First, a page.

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Talking with Castro

For most of the last 50 years, nearly every U.S. president has negotiated secretly with the government of Cuba in bids to resolve the two nations' conflicts
Peter Kornbluh, William M. Leogrande
From the Print Edition:
Cuba, January/February 2009

(continued from page 2)


As Obama's foreign policy aides review the actions of his predecessors to engage Castro in a dialogue toward better relations, they will note the bipartisan nature of this history. Republican and Democratic presidents alike have talked with Castro. At the end of the Nixon administration and throughout the short presidency of Gerald Ford, the United States pursued a secret effort to negotiate normal relations.

This initiative began on April 24, 1974, at 2:32 p.m., with a phone call to Secretary of State Henry Kissinger from Frank Mankiewicz, a longtime Democratic Party operative and former press secretary for Robert Kennedy. "That trip I told you about is now on … to the Caribbean," as Kissinger's secret taping system recorded Mankiewicz's cryptic remarks. "I told you that I might be doing a television interview with…." Kissinger replied immediately: "Yes, yes, I know exactly—of course. Good. Then I want to see you…. I must see you before you do that." Six weeks later, when Mankiewicz traveled to Havana along with two other journalists, he carried with him a handwritten note from Kissinger to Castro. The secret communication stated that Kissinger was interested in initiating bilateral talks on mutual interests but that such a dialogue needed to be conducted discreetly, through intermediaries and unofficial meetings. Castro deemed the note "a very serious communication" and sent a message back with Mankiewicz, along with a box of premium Cuban cigars. (When a U.S. Customs guard attempted to confiscate the cigars, Mankiewicz issued a stern warning: "Son, this box of cigars is a personal gift for Secretary of State Henry Kissinger. Are you sure you want to take them away?")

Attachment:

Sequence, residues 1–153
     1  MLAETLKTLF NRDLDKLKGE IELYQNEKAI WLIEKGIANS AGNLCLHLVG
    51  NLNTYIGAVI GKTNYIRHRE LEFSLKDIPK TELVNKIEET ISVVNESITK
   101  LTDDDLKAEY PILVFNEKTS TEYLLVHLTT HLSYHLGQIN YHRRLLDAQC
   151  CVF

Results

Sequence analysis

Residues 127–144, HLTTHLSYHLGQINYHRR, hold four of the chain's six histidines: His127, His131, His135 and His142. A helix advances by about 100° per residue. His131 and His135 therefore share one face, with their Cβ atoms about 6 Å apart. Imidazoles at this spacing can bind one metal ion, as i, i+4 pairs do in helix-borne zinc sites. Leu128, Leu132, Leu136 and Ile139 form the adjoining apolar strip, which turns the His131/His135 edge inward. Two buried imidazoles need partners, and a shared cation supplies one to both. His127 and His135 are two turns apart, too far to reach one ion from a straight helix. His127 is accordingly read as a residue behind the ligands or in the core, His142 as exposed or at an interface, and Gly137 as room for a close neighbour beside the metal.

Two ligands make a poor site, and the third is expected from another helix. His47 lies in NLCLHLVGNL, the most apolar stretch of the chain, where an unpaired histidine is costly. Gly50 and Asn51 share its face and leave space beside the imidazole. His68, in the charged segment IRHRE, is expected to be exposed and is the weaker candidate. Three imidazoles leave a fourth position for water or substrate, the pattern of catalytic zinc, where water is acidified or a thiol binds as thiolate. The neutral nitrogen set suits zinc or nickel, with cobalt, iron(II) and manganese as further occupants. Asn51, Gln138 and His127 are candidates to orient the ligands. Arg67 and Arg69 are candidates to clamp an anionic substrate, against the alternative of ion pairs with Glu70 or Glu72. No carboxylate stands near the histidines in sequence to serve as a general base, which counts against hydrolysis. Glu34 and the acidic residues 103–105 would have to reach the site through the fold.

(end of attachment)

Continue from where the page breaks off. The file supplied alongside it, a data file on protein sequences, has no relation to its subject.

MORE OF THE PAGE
So began the first serious dialogue aimed at fundamentally changing the framework of U.S.-Cuban relations—a dialogue that holds significant lessons for the new Obama administration. As is the case today, in the mid-1970s the domestic and international controversy over the hostile nature of U.S.-Cuba policy was proving to be a greater headache for the executive branch than the regime in Cuba itself. In the U.S. Congress, there was a growing bipartisan consensus that the trade embargo should be lifted. In the Organization of American States, the Latin American nations were pushing to lift the ban on diplomatic and economic relations with Cuba that Washington had strong-armed them into approving in 1964.

Given these domestic and international pressures, a secret State Department review of Cuba policy, titled "Normalizing Relations with Cuba," recorded the clear advantage to moving toward better bilateral ties:

If there is benefit to us in an end to the state of "perpetual antagonism" it lies in getting Cuba off the domestic and inter-American agendas—in extracting the symbolism from an intrinsically trivial issue.… Our interest is in getting the Cuba issue behind us, not in prolonging it indefinitely.

Negotiations to change the hostile nature of U.S.-Cuban relations should take place as quickly as possible, the report concluded, before Congress and the OAS took away Washington's bargaining leverage. "We have a poor hand to play and should ask for a new deal before we lose our last chip."

It was in the context of these political realities that Kissinger initiated contact with Castro. He authorized his top deputy, Lawrence Eagleburger, and William D. Rogers, the assistant secretary of state for inter-American affairs, to undertake half a dozen furtive meetings with Castro's representatives in airport cafeterias, swanky New York hotels and personal homes. Kissinger made his negotiating philosophy clear: "It is better to deal straight with Castro," he told his aides. "Behave chivalrously; do it like a big guy, not like a shyster. Let him know: We are moving in a new direction; we'd like to synchronize…; steps will be unilateral; reciprocity is necessary."

At the first meeting, held in a public cafeteria at LaGuardia Airport on January 11, 1975, Kissinger's aides came well prepared. An aide-mémoire Eagleburger read to Cuba's U.N. ambassador, Ramón Sánchez-Parodi, and his deputy, Nestor Garcia, was explicit in the goals of the dialogue: "explore the possibilities for a more normal relationship between our two countries." Kissinger made clear the potential for a U.S.-Cuban détente:

The ideological differences between us are wide. But the fact that such talks will not bridge the ideological differences does not mean that they cannot be useful in addressing concrete interests which it is in the interest of both countries to resolve. The United States is able and willing to make progress on such issues even with socialist nations with whom we are in fundamental ideological disagreement, as the recent progress in our relations with the Soviet Union and the People's Republic of China has shown.

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